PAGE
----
Libya: Greek oil tanker bombed in Derna, two dead
A Greek-operated oil tanker has been attacked by military jets in the Libyan port of Derna, killing two crew members, the Greek authorities have said.
The attack, on January 4, was carried out by the Libyan air force after the ship’s movements aroused suspicion, a Libyan military spokesman has said.
Derna has been controlled by Islamist militants for the past two years.
The Libyan military attacked the port several times last year in an attempt to weaken militant groups there.
The military spokesman, Colonel Ahmed Mesmari, said the tanker had been targeted because it had failed to submit to an inspection before entering the port.
He said the vessel was supposed to dock at a power plant in Derna but instead “took a different route”, entering a “military zone”.
“We asked the ship to stop, but instead it turned off all its lights and would not respond so we were obliged to strike it.
“We bombed it twice,” he said.
There were 26 crew members on board the ship, Araevo, including nationals from the Philippines, Greece and Romania.
Two were injured in the attack, in addition to those killed.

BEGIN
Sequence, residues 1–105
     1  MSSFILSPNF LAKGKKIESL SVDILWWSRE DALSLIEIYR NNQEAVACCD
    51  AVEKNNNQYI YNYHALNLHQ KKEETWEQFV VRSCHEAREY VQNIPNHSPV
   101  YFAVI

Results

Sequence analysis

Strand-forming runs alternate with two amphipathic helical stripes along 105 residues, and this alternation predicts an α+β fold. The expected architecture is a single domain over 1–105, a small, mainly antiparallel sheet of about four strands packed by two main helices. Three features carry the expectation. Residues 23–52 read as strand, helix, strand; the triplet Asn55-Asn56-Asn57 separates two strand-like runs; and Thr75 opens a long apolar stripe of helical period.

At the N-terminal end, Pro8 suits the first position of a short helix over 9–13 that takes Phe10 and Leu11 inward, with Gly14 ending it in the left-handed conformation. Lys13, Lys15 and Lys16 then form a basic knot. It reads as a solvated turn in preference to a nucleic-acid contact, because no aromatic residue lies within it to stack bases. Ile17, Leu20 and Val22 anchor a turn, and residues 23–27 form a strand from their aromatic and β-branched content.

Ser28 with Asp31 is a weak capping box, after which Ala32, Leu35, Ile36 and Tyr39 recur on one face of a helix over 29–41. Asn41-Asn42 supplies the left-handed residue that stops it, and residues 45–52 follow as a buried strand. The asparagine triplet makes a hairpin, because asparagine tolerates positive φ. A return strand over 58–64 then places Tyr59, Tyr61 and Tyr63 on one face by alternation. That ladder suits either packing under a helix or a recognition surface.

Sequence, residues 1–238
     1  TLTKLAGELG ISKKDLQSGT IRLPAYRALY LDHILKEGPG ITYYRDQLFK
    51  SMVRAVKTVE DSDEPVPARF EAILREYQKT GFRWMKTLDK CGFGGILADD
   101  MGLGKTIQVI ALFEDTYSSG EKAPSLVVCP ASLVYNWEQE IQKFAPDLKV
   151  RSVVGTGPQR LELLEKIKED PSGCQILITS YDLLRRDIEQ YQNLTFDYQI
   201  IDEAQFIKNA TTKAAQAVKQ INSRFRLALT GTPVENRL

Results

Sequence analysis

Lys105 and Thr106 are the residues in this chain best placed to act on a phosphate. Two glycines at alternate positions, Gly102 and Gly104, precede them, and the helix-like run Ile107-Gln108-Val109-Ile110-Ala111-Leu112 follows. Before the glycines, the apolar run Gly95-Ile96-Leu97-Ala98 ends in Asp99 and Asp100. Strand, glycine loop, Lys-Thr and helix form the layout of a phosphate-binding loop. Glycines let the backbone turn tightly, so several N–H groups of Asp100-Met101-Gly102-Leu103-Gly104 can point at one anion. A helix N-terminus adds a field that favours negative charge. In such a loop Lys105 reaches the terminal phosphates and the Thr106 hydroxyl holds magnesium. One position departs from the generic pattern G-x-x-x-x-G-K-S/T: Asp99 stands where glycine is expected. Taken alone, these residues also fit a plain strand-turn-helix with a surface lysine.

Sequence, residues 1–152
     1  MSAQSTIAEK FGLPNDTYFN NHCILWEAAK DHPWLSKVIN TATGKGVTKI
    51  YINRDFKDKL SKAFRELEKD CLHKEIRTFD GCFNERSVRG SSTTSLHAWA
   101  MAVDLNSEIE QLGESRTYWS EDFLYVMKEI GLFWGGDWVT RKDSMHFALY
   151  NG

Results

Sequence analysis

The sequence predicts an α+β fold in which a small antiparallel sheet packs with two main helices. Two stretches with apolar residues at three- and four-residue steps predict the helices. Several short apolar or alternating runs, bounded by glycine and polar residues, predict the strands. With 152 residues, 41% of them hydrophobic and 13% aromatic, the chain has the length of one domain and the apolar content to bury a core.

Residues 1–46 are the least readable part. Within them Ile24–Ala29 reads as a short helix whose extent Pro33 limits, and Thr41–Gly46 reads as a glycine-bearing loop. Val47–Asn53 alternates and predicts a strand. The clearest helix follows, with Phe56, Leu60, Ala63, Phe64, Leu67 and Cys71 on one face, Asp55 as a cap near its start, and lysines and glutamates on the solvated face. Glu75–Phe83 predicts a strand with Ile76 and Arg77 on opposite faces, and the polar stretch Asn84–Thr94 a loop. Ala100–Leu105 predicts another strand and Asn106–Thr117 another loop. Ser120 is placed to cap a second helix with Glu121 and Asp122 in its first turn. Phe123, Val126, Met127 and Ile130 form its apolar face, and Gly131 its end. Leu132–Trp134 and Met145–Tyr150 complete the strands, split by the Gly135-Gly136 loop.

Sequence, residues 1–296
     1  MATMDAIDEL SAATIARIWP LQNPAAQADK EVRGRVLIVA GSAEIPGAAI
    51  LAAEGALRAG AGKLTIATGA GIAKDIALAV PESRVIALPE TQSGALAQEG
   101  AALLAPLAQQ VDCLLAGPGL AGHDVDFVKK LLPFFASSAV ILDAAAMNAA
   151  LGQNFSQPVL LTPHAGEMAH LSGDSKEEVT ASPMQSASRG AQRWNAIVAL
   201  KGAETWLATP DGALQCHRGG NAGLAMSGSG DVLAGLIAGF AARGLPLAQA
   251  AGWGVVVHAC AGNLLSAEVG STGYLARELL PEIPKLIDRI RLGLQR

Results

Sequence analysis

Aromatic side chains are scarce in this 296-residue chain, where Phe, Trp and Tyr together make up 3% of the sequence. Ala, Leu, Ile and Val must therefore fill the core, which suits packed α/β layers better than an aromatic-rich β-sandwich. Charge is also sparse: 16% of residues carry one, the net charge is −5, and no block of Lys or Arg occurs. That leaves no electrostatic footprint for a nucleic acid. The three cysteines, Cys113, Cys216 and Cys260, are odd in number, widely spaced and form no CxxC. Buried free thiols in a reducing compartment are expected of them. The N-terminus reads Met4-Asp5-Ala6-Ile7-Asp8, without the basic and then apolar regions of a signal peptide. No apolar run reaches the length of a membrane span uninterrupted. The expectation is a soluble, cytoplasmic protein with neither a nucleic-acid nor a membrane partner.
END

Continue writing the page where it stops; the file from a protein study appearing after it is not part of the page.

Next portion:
The Liberian-flagged tanker is operated by an Athens-based shipping company, Aegean Shipping Enterprises Company, and was carrying 12,600 tonnes of crude oil.
The Greek authorities said the ship was at anchor in the port when it came under attack.
Aegean Shipping said there was no leakage of oil and it was assessing the damage.
There has been no confirmation about the purpose of the ship’s visit to the militia-held area.
One report suggested the tanker was delivering fuel for power generators. Col. Ahmed Mesmari told Reuters the vessel had been bringing Islamist fighters to Derna.
“We had warned any ship not to dock at the port without prior permission,” he was quoted as saying.
Libya has been in chaos since its long-time leader, Colonel Muammar Gaddafi, was overthrown with Western military help in 2011.
Numerous militias govern their own patches of territory, with successive governments struggling to exercise control.
The competition for power and resources has led to frequent fighting and battles to control facilities, including ports, linked to Libya’s oil industry.
The internationally recognized government is based in Tobruk, near the Egyptian border, having been expelled from the capital, Tripoli, by militias in 2014.